However, considering the limited timeframe available to achieve this outcome, the team found inspiration in the innovative techniques employed for a number of existing films – most notably Rise of the Planet of the Apes, the first film in a reboot trilogy of the sci-fi franchise. The VFX team created a so-called ‘volume box’ that encompassed the maximum camera coverage for each shot. It then rendered out the fog layers using deep compositing, which resulted in a comprehensive and detailed scene consumed by haze.

“We had a three-month turnaround time, so we had to get creative with the execution,” says Shankar. “Using only CGI would have made the process more laborious than we had time for, so we looked for alternate solutions that would yield the same results. The team went through multiple iterations of looks first created in fully flat 2D – then 2.5D – but quickly rejected both as they lacked the necessary depth. The fog had to be part of the environment and give the illusion of layers. The team decided to venture into the realm of deep compositing, integrating layers of fog with varying depths to create an effect that was both seamless and organic.”


Kohrra was not a VFX-heavy production, but even when it was used, the priority for the team was story integrity. One central scene involved a pair of vehicles crashing in the Punjab countryside. VFX supervisor Ashoke Chowdhury reveals to us how the team was charged with crafting the collision itself – as well as its ultimate consequences.

“Getting both the crash and outcome right for the car accident scene in Kohrra was a meticulous process,” he tells us. “Unpredictable weather conditions during the shoot added to the challenge, which prompted us to prioritise safety,” he says. “By carefully previsualising the VFX shoot in Unreal Engine, we managed to achieve the desired impact without endangering anyone on-set. Layer separation and meticulous alignment were key to making this look authentic.”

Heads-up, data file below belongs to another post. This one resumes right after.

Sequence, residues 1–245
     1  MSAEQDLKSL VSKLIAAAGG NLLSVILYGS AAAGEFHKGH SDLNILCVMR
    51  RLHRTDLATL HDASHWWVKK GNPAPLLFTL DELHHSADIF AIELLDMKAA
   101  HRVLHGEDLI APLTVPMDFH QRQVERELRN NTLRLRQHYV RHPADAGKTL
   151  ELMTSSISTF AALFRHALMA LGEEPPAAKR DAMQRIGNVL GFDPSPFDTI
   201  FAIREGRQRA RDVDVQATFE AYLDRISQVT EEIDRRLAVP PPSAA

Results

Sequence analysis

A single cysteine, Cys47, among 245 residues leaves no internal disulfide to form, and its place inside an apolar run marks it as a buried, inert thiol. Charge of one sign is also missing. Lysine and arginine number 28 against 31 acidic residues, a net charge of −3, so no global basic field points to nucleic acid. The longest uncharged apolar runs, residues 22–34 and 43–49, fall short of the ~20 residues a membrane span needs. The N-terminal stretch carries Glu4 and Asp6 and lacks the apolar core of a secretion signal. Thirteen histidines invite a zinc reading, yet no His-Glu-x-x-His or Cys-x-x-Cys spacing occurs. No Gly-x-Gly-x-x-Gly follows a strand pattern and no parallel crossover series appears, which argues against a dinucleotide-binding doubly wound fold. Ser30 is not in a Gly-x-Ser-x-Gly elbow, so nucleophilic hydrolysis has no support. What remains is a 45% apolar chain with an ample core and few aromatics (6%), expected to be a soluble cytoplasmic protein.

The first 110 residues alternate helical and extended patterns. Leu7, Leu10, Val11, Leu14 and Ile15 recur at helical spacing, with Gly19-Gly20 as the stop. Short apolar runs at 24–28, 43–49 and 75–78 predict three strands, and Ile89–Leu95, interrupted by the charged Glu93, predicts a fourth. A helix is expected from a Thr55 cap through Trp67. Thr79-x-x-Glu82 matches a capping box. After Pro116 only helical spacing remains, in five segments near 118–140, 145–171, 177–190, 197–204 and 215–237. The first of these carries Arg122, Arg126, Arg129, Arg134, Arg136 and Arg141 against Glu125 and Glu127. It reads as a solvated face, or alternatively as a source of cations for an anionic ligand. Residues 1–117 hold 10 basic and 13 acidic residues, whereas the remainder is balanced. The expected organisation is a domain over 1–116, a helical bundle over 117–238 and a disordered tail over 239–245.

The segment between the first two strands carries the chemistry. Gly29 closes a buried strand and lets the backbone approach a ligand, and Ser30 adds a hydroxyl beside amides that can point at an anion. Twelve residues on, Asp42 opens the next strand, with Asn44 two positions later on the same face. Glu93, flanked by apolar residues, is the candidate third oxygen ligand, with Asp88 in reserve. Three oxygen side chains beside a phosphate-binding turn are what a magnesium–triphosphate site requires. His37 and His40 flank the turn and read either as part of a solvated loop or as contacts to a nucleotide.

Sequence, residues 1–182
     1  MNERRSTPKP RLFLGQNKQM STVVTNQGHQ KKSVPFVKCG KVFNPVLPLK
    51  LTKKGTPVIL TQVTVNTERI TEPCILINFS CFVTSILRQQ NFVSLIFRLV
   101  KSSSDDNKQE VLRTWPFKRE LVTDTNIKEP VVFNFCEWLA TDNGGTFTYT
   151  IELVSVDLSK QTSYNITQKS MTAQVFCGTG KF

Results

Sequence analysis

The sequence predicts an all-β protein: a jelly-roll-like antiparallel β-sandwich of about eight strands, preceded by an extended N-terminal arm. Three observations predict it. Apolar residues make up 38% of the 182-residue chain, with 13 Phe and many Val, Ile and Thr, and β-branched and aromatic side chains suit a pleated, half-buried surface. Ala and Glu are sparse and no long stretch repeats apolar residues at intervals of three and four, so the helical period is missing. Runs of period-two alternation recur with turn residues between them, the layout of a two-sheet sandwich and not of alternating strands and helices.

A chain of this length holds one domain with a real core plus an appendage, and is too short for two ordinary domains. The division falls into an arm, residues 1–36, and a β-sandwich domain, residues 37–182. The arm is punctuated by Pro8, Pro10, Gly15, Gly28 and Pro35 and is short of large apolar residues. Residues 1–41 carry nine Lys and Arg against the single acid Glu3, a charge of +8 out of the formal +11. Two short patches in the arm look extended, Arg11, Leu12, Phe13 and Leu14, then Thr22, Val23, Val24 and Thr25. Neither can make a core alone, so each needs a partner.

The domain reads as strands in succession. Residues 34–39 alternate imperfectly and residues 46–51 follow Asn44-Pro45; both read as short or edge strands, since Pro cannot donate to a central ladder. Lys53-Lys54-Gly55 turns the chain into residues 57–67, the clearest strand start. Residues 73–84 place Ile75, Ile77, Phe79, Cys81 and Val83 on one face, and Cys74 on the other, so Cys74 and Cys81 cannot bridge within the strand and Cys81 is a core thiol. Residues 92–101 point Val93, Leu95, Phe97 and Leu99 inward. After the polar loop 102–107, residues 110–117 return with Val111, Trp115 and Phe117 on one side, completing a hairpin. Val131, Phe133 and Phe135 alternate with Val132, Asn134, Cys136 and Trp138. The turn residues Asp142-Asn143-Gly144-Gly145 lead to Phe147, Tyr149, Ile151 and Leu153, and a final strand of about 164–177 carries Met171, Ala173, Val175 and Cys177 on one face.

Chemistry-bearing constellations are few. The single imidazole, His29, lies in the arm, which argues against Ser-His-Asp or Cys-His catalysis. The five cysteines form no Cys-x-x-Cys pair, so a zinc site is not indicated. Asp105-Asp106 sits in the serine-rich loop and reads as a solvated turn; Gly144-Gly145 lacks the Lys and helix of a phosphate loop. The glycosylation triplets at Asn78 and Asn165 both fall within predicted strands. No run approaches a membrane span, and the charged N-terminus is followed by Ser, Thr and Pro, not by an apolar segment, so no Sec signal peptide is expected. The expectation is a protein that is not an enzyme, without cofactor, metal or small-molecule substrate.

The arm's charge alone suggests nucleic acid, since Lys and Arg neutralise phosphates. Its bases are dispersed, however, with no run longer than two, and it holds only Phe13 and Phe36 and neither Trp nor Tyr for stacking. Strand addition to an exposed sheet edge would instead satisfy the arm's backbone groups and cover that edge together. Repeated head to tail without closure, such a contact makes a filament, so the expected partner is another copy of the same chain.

Saurabh Monga, cinematographer on the series, was present in the FutureWorks studio throughout the colour grading sessions, which were spread out over a few months. “I usually try to do as much in-camera as possible when it comes to the look and feel of a project, then bring it to the DI table to finalise the results, without feeling over-graded,” he says. “Working with DI colourist Tushar Desai, we were able to iterate together and find the right balance to bring the entire series together into a coherent whole.”

Producer Karnesh Sharma adds that seamless VFX integration and balanced colour grading had a significant impact on the final look. “The fact that kohrra translates to fog meant capturing this essence was crucial,” he insists. “Facing a summer shoot, the FutureWorks team worked closely with us to develop a VFX and colour workflow, using skilful compositing to create authentic fog. This was complemented by the grade, which utilised a balance between cool and warm tones for cohesion. Only so much of this essence can be captured by the camera, it’s the magic delivered by FutureWorks and a testament to teamwork that brought Kohrra to life.”

This story appears in the December 2023 issue of Definition.